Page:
New Insights into Self-Assembling Biological Systems

A student-designed DNA scaffolding nanostructure that provides new insights into self-assembling biological systems has taken out the grand prize at Harvard University’s annual biomolecular design competition.


The team of UNSW undergraduates, called Capsid Constructors, defeated 22 other teams from around the world in the BIOMOD competition, which was held this year at the University of California in Los Angeles.

The interdisciplinary team was drawn from the UNSW Faculties of Science, Engineering, Law, and Arts & Social Sciences.The students were mentored by members of the laboratory of Dr. Lawrence Lee from UNSW’s School of Medical Sciences, including Ph.D. and honors students from the UNSW EMBL Node for Single Molecule Sciences.

New Insights into Self-Assembling Biological Systems
Members and supporters of the Capsid Constructors team celebrate their victory. Photo: Supplied

This year’s win caps a great record for Australia and UNSW in the BIOMOD competition. An Australian team has competed every year since 2014, winning the Grand Prize in 2014, 2016 and 2017. The team included UNSW students in 2014 and has been made up entirely of UNSW students in the past three years.

The members of Capsid Constructors are Thilina De Silva (Chemical Engineering), Hugh Allison (Chemical Engineering), Jacob Silove (Physics/Law), Madeline Wainwright (Biotechnology and Biomolecular Sciences/Law), Lucien Alperstein (Biotechnology and Biomolecular Sciences) and Brian Ee (Biotechnology and Biomolecular Sciences/Music).

The team investigated the spontaneous construction of the human immunodeficiency virus (HIV) in living systems. They constructed nanoscale scaffolds made from DNA to try to artificially construct the HIV capsid, or protein shell surrounding the virus.

The aim was to learn how the virus and biological systems, in general, can self-assemble complex, dynamic and robust structures spontaneously, and to potentially create a new platform to screen for anti-HIV therapies.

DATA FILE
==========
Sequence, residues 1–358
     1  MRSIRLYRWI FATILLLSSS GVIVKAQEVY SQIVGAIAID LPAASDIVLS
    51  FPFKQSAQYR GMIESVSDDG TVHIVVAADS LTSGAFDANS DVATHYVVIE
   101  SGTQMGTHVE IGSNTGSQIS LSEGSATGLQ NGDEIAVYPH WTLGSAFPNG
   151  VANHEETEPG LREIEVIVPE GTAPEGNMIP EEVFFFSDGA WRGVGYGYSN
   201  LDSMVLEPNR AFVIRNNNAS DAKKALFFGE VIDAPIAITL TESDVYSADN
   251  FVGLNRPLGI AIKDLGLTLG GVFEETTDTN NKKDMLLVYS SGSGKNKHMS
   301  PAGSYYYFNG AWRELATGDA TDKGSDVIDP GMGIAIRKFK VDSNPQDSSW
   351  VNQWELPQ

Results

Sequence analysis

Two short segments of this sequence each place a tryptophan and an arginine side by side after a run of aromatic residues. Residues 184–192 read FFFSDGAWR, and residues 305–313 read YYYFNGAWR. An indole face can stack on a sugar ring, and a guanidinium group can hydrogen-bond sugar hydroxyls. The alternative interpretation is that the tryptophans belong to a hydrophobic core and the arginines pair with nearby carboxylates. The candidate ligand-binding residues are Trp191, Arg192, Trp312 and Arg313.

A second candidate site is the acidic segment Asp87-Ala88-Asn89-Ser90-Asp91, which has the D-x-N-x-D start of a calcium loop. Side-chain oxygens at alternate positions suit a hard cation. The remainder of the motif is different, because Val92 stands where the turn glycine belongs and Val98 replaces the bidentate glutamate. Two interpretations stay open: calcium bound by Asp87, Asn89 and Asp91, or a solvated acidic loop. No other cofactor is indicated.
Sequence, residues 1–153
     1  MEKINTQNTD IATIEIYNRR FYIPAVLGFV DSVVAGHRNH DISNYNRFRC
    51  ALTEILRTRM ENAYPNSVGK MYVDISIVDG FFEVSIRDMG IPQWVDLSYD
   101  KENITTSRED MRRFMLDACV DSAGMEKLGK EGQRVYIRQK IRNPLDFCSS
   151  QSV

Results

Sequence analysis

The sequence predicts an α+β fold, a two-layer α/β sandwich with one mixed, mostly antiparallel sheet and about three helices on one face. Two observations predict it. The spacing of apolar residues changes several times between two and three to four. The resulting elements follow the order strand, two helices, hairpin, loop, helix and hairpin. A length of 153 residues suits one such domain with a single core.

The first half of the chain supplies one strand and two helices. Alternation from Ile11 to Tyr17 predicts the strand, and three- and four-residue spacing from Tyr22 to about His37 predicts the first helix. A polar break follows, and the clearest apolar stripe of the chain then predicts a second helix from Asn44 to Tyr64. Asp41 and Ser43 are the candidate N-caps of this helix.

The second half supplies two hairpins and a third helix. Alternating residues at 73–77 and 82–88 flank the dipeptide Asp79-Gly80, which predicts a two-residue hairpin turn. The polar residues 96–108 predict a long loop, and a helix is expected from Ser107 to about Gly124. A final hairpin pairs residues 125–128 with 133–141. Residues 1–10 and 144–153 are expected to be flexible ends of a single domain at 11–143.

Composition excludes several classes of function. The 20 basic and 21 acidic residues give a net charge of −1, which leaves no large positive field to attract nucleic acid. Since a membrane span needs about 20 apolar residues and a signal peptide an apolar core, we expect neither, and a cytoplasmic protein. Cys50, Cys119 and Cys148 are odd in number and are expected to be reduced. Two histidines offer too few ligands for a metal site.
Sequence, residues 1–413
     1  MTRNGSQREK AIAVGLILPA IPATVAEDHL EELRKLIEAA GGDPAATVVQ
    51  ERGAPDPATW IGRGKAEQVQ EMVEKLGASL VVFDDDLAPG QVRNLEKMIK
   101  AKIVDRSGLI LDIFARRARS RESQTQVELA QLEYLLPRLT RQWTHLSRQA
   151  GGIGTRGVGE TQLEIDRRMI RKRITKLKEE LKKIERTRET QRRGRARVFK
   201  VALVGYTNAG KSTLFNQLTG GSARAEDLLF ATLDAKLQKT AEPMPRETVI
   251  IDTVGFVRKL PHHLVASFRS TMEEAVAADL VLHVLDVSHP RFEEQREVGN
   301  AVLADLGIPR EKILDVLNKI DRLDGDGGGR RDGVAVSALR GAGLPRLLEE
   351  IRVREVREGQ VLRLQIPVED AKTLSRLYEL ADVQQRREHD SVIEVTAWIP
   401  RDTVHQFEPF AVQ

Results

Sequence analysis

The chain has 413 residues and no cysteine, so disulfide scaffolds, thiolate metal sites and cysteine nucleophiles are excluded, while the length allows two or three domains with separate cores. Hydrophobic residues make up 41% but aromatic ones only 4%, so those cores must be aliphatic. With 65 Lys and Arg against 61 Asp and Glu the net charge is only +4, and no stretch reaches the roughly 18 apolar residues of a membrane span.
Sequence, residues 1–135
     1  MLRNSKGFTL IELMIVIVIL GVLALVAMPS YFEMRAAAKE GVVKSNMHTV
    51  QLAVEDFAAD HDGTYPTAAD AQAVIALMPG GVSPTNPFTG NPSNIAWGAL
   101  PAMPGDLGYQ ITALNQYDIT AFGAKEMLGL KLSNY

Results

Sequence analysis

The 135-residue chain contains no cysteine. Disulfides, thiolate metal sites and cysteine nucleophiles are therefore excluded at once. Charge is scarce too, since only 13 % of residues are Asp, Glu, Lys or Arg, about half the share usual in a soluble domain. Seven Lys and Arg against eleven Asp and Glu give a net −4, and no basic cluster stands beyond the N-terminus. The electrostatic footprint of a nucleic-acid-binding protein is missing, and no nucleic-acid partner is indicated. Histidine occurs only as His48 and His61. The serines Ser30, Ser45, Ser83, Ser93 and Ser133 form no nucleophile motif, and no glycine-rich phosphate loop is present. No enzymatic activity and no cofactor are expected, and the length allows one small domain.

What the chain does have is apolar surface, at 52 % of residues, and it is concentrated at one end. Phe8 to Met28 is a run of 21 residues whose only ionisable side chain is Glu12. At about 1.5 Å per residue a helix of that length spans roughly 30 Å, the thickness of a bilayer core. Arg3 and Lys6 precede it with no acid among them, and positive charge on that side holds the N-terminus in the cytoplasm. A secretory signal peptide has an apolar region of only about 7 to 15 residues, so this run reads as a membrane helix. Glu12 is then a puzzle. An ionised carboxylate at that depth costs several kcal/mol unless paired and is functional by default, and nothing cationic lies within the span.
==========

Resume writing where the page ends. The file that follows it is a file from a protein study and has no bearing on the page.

BIOMOD teams presented their work to a panel of 38 judges. They were not only assessed on their presentation, but also on their project website and video describing their project to a more general audience.

New Insights into Self-Assembling Biological Systems
Twenty three teams from countries including Australia, Canada, the US, Japan, China, and the UK competed in the 2017 BIOMOD competition. Photo: Supplied

Capsid Constructors also placed first for their YouTube video, second for their project website and presentation, and third in the audience choice award.

“It shows the enormous amount of work done by the team in a short 4-5 months while most were also juggling full-time University commitments,” says Dr. Lee.

“Regardless of the outcome of the competition, the true benefit comes from giving these students the opportunity to engage in the process of innovation and discovery, which can be difficult to provide in-depth at an undergraduate level.

“In addition, the students gain valuable exposure to the international research community. In this sense the victory for all students is achieved well before the announcement of any prizes,” he says.

The team thanked their sponsors: UNSW Engineering, UNSW Science, UNSW Medicine, UNSW School of Biotechnology and Biomolecular Sciences, UNSW School of Physics, UNSW International, NSW Department of Trade and Investment and UNSW student group Arc.

A second Australian team based at the University of Sydney also competed this year against teams from countries including Canada, the US, Japan, China and the UK.

The innovative research that won Capsid Constructors first prize:

The HIV capsid has been the subject of much research in recent years. Attempts to construct the HIV capsid in vitro have not been successful under physiological conditions. Underlying this difficulty is a failure to fully understand the fundamental principle of self-assembly

The team’s solution was to construct the HIV viral capsid artificially using synthetic DNA structures to create a template for self-assembly of capsid proteins. They constructed arbitrary shapes with DNA origami and attached proteins at fixed distances with sub-nanometer precision.

This allowed them to control, manipulate and observe the process of self-assembly on a molecular scale and develop a methodology to conjugate engineered proteins to designed DNA structures. The methodology that they’ve developed will help pave the way for future research into other areas such as targeted drug delivery systems.


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